|Chapter 1: The Cost of Insider Fraud and Abuse|
|Chapter 2: Technical Barriers to Monitoring, Detecting, and Investigating Insider Fraud|
|Chapter 3: Effective Techniques for Preventing Fraud and Proving Compliance|
|Chapter 4: Selecting the Right Tools: Evaluating Applications for Monitoring, Preventing, and Investigating Insider Abuse|
|Complete Book (ZIP file)|
Some of the most significant risks to a business come from within. Insiders can commit fraud, intellectual property theft, sabotage, and privacy breaches using their legitimate access privileges and knowledge of business functions. When insiders collude with others or use their technical knowledge to tamper with security controls, it can be even more difficult to detect and prevent abuse. However, advances in data analysis are providing tools for collecting application activity from mainframes, Web applications, and other platforms; correlating events across multiple systems; and detecting patterns of suspicious activity. In Realtime Publishers' new book Monitoring, Detecting, and Preventing Insider Fraud and Abuse, author and security expert Dan Sullivan discusses catastrophic effects that can occur from insider abuse, and reveals effective techniques for countering them. The book concludes with a must-have overview for evaluating and selecting the correct tools to help you monitor, detect, and prevent insider abuse.
Advances in information technology have lead to streamlined business operations and innovative products and services. They have also created new methods for defrauding businesses, leaking private and sensitive information, and stealing intellectual property. There is a growing awareness about the need for information security. We only have to glance at a few titles streaming over technology and business news feeds to find stories of massive privacy breaches, Denial of Service (DoS) attacks, and concerted hacking attacks on specific government and business targets. The wide array of threats that businesses face do not, however, always originate from the outside.
Insider threats can be some of the most difficult to prevent and the most costly to recover from. Insiders, such as employees, contractors, consultants, and even trusted business partners, can exploit the privileges and knowledge they have acquired about business operations and practices to commit fraud, violate privacy protections, and steal valuable confidential information. Fortunately, detection and prevention practices and applications are adapting to the threats posed by malicious insiders.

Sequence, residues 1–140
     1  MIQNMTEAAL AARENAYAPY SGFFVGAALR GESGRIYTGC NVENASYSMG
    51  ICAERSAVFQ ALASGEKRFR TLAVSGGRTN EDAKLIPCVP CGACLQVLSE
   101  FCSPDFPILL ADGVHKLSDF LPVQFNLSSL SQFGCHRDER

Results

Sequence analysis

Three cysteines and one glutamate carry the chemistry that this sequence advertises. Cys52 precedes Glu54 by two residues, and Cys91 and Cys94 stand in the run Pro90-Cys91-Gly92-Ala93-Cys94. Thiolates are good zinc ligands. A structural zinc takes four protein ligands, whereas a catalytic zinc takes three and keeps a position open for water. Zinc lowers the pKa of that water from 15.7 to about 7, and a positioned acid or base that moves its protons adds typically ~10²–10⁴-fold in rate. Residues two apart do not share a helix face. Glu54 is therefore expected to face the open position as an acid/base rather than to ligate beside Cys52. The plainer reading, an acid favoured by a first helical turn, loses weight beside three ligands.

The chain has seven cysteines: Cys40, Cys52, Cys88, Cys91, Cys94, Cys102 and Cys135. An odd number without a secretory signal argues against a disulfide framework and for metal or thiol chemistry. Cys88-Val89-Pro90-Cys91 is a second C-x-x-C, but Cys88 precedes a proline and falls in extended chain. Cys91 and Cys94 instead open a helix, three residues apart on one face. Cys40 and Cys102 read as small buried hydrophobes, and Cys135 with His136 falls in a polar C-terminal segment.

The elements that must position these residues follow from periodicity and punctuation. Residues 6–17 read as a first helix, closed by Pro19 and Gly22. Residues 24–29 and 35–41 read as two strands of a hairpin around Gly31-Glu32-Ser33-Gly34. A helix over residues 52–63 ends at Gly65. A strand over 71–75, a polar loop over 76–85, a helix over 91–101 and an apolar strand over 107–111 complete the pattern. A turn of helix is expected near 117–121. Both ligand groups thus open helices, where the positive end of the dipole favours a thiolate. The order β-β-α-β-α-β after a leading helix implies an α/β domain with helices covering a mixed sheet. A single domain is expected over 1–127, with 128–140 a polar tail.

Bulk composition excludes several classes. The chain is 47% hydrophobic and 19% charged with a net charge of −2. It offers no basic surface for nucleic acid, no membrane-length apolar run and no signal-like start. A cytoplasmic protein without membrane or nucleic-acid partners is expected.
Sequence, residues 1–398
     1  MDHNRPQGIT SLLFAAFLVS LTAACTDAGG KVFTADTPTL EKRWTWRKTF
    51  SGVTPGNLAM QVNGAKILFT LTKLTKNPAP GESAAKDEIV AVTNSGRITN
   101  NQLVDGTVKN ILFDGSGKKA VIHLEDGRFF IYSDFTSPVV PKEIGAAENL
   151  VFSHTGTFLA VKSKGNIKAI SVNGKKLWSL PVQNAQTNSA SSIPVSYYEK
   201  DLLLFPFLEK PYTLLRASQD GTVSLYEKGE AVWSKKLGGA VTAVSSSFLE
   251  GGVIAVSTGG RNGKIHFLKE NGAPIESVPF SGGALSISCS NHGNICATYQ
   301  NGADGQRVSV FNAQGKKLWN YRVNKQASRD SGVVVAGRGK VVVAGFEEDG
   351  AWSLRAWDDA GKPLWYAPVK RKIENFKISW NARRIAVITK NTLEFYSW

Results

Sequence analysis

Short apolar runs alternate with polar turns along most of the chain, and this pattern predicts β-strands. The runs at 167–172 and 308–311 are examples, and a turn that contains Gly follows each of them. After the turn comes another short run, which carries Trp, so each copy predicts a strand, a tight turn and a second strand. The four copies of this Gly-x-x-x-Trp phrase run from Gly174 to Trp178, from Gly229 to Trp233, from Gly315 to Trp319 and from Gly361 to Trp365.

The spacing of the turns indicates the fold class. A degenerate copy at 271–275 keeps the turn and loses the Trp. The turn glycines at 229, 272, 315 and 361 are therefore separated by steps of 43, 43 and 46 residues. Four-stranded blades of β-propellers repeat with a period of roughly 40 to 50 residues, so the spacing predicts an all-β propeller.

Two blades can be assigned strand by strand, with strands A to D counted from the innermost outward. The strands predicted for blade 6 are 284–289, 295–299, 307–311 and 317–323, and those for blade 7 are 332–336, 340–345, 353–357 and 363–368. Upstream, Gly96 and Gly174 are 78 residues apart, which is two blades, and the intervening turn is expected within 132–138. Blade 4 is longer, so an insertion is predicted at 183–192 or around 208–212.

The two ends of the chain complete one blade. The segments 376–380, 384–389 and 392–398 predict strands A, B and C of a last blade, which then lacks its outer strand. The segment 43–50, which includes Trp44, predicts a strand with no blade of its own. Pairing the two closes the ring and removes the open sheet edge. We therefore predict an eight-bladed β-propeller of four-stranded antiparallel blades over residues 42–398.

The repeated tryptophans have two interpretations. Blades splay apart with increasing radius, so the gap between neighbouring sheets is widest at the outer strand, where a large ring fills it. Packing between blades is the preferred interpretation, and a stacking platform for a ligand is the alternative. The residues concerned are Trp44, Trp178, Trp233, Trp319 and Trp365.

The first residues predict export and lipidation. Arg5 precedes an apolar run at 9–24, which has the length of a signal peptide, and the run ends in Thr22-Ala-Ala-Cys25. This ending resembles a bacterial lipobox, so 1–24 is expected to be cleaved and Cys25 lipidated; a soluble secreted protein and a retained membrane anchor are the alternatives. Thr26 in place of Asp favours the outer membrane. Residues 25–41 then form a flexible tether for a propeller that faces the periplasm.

Businesses and other organizations have long used security controls to protect both physical and information assets. Buildings are protected with locked doors, surveillance monitors, and guards. Access to information assets is controlled with authentication and authorization systems, log monitoring, and vulnerability management. These are all well-developed methods for keeping out those who should not be in. They are not as useful when threats originate with those who have been granted access to the physical and information assets of an organization.
Insiders, such as employees, contractors, consultants, and business partners, are typically granted access to applications and data they need to do a particular job. They walk through the front door in the morning without much notice from guards, they move about the building with the wave of a badge before a magnetic card reader, and they work with enterprise applications throughout the day. A combination of trust in employees and other outsiders coupled with verification through monitoring and auditing can mitigate some risk of insider abuse but not all.